On the Institutional Legacy of Mercantilist and Imperialist Colonialism
Ola Olsson ()
No 247, Working Papers in Economics from University of Gothenburg, Department of Economics
The article features a temporal approach to modelling the social impact of Western colonialism. We collect a data set for all former colonies and dependencies that are regarded as countries today (143 observations). Our data, as well as existing theory, suggest that the very heterogeneous era of colonization might be divided into an early ’mercantilist’ wave and a much later ’imperialist’ wave with quite different characteristics. We demonstrate that a commonly used determinant of institutional quality - colonial settler mortality - had a much weaker effect on institutional outcomes during the imperialist scramble for Africa. When we broaden the analysis, it is shown that the positive effect of colonial duration on democracy is strongest among countries colonized during the imperialist era. Controlling for colonial duration, our results further indicate that a long history of statehood is bad for democracy while there is almost no effect of the national identity of the colonizer.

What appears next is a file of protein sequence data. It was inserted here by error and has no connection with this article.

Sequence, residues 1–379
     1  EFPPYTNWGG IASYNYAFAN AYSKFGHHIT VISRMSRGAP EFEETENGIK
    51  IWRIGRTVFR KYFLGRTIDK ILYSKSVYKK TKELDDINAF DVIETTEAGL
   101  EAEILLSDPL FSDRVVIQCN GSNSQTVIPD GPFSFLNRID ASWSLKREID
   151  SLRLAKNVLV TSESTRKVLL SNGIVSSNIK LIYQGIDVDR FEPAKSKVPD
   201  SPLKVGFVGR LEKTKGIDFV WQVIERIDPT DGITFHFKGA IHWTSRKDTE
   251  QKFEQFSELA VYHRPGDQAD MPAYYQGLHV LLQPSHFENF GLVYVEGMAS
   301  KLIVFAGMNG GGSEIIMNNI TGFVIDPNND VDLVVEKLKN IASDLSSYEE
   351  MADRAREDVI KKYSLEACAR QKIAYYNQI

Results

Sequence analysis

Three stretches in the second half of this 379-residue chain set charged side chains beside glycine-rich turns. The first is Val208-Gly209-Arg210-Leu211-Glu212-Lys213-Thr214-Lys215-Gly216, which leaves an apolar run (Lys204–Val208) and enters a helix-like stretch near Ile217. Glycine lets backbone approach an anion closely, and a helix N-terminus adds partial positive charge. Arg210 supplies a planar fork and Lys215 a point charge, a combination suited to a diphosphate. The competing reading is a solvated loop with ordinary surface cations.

Keywords: colonialism; democracy; institutions; development; settler mortality (search for similar items in EconPapers)
JEL-codes: N40 N50 P33 (search for similar items in EconPapers)
New Economics Papers: this item is included in nep-afr and nep-his
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Persistent link: https://EconPapers.repec.org/RePEc:hhs:gunwpe:0247
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